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Gracia likes watching television – mostly soaps and cartoons, but sometimes the news.

The young woman, tall and thin with braided hair coiled on her head, is doing well at school and wants to be a doctor. In the two-and-a-half years since I last saw her, her life has been transformed. Then, she was living with 30 people in one house, too poor to afford school fees. She had been sent back to DR Congo by her father and step-mother, after living with them in Tottenham, north London, for several years.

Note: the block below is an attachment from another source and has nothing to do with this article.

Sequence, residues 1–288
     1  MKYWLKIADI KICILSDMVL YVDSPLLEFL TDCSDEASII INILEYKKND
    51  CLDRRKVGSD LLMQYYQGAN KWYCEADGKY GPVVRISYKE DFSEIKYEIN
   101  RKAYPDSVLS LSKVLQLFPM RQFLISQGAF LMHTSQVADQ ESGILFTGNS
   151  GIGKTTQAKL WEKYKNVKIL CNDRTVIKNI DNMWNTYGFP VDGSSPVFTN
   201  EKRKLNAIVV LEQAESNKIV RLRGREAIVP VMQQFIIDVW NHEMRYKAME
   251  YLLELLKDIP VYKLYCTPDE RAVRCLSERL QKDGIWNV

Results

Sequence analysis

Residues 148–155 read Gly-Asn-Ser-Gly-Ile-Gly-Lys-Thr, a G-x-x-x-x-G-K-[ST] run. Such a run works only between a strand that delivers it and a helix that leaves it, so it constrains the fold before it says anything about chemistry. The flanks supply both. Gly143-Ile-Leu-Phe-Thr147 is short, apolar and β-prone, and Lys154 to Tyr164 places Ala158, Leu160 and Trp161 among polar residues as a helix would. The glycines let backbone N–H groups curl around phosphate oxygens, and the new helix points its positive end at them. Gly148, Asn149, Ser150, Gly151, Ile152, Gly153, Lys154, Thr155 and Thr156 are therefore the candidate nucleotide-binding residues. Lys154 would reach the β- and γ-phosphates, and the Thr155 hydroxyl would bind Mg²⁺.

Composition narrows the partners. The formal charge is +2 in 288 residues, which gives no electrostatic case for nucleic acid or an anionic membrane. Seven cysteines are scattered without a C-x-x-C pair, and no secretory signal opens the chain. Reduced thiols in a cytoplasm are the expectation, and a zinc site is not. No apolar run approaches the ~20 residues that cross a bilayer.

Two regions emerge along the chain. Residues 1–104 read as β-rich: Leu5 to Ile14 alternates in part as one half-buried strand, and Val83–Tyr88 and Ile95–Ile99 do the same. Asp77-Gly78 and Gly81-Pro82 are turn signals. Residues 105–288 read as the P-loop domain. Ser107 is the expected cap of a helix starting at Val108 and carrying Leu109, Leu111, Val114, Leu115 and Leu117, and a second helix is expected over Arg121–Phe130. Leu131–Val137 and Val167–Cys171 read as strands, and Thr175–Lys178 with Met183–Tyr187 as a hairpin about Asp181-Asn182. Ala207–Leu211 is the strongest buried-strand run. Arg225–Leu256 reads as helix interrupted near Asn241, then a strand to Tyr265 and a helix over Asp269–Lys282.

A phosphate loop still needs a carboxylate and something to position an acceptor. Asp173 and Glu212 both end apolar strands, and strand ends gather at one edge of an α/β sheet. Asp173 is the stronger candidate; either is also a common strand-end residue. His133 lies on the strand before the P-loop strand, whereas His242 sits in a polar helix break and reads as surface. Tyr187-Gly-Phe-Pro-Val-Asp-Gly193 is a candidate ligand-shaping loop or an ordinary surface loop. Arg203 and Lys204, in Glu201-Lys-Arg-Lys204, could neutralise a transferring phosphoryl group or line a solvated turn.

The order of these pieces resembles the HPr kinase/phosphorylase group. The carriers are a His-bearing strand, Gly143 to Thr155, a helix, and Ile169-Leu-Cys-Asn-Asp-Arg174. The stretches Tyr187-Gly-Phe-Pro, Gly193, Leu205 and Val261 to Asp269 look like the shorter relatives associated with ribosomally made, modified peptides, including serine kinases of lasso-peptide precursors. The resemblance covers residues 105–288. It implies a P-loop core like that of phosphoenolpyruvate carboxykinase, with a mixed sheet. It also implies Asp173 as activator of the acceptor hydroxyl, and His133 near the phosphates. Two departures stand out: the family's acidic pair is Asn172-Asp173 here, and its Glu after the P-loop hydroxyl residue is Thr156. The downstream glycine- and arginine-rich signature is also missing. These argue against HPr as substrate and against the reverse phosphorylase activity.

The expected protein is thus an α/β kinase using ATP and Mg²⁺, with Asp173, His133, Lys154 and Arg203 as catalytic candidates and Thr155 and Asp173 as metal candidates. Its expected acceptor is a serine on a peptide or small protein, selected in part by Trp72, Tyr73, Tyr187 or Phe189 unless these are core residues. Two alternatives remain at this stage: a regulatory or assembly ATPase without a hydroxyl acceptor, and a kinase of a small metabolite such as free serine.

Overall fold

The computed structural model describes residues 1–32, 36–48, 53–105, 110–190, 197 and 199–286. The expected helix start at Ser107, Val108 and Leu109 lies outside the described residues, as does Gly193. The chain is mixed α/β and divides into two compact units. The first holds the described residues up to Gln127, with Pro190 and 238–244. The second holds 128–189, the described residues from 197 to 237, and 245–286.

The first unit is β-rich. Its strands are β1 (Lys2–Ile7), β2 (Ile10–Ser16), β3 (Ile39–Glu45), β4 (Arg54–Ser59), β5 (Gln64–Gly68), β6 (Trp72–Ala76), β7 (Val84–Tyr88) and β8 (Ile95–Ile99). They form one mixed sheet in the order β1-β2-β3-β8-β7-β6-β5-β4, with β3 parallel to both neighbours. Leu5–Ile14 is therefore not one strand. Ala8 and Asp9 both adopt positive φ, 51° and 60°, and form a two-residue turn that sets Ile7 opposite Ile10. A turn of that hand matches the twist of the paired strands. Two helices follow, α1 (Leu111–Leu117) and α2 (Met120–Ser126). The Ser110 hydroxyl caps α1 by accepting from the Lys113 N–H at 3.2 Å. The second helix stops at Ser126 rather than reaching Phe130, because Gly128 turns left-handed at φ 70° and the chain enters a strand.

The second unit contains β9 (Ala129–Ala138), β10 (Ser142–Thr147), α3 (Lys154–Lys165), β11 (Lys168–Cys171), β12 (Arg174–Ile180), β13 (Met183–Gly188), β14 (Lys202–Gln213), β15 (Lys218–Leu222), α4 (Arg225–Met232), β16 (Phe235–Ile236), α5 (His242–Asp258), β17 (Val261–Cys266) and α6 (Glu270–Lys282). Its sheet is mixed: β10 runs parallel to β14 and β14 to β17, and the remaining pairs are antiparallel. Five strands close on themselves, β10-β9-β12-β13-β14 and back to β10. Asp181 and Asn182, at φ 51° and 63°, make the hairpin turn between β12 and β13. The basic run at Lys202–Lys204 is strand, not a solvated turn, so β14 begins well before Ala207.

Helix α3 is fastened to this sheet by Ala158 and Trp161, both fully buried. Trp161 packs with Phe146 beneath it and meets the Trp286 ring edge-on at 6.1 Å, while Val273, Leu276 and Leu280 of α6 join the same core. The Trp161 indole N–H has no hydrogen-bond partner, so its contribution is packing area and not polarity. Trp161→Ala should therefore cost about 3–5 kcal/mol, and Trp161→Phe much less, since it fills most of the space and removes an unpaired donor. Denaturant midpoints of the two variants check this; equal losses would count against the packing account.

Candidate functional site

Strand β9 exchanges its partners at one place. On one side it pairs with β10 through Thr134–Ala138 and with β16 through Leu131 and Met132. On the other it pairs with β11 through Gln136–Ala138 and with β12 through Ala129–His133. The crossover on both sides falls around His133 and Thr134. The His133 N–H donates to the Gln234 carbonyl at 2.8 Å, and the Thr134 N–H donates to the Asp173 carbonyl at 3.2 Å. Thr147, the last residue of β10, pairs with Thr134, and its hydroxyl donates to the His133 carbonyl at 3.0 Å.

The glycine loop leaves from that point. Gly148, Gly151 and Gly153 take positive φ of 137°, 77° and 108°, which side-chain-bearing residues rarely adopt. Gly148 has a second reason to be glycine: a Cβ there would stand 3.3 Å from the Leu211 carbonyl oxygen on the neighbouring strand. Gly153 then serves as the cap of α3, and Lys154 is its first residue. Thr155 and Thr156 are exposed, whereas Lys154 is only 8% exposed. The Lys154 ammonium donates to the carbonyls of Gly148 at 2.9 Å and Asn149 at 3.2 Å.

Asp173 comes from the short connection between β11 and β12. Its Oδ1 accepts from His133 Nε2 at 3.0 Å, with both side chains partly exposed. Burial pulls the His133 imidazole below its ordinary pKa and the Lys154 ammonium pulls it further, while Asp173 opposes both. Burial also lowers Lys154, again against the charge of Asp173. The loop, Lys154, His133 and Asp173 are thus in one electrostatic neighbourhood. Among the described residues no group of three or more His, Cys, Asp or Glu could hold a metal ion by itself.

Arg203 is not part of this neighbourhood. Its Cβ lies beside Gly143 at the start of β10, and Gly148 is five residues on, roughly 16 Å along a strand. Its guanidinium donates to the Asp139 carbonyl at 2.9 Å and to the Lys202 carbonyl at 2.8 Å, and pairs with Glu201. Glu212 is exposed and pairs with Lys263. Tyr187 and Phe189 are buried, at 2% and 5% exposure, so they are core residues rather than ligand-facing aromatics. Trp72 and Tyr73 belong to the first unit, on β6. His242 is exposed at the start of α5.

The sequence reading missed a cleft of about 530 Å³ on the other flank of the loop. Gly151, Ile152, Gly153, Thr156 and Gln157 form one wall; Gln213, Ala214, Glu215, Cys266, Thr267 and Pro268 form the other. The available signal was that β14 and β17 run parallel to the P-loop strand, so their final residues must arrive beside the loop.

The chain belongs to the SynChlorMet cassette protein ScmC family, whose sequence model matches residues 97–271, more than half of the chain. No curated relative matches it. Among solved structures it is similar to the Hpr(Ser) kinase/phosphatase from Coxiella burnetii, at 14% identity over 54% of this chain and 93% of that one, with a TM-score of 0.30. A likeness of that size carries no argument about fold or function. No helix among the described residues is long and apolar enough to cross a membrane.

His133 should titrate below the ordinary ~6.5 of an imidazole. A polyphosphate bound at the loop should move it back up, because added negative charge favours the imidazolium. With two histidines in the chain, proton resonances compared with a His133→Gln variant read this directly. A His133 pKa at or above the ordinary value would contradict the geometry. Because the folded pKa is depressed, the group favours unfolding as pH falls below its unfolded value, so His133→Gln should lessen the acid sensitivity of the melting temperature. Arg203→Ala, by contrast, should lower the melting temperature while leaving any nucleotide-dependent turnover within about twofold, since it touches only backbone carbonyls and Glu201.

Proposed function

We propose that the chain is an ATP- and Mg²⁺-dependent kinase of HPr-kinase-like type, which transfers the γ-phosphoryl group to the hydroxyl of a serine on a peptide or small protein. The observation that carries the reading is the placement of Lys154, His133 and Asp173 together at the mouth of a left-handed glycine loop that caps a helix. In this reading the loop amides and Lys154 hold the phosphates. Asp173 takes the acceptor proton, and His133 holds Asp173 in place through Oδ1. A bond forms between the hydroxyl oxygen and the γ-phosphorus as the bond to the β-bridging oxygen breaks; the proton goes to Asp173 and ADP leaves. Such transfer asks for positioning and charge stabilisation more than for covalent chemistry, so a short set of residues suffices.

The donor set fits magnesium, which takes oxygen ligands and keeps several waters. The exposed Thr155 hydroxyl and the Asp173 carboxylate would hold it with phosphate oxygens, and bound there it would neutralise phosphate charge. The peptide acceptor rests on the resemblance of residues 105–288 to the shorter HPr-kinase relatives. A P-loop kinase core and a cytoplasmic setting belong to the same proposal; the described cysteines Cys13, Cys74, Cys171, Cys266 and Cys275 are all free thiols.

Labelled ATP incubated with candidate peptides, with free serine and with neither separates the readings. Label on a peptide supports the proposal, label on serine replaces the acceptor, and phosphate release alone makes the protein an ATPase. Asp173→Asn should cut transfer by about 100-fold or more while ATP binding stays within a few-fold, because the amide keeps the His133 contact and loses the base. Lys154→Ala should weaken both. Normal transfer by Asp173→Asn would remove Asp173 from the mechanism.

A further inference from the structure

She is thought to be among hundreds of African children living in the UK and sent back to DR Congo or Angola after being accused of witchcraft.

Traumatised
The issue came to light in the summer of 2005, when a court in London heard the case of a young girl who was tortured after being accused of being possessed. The jury learnt a new word, kindoki. It is what the Congolese call witchcraft. After I first reported on Gracia’s plight in Kinshasa, one listener was so moved she began sending money to support the girl. (Continue Reading…)

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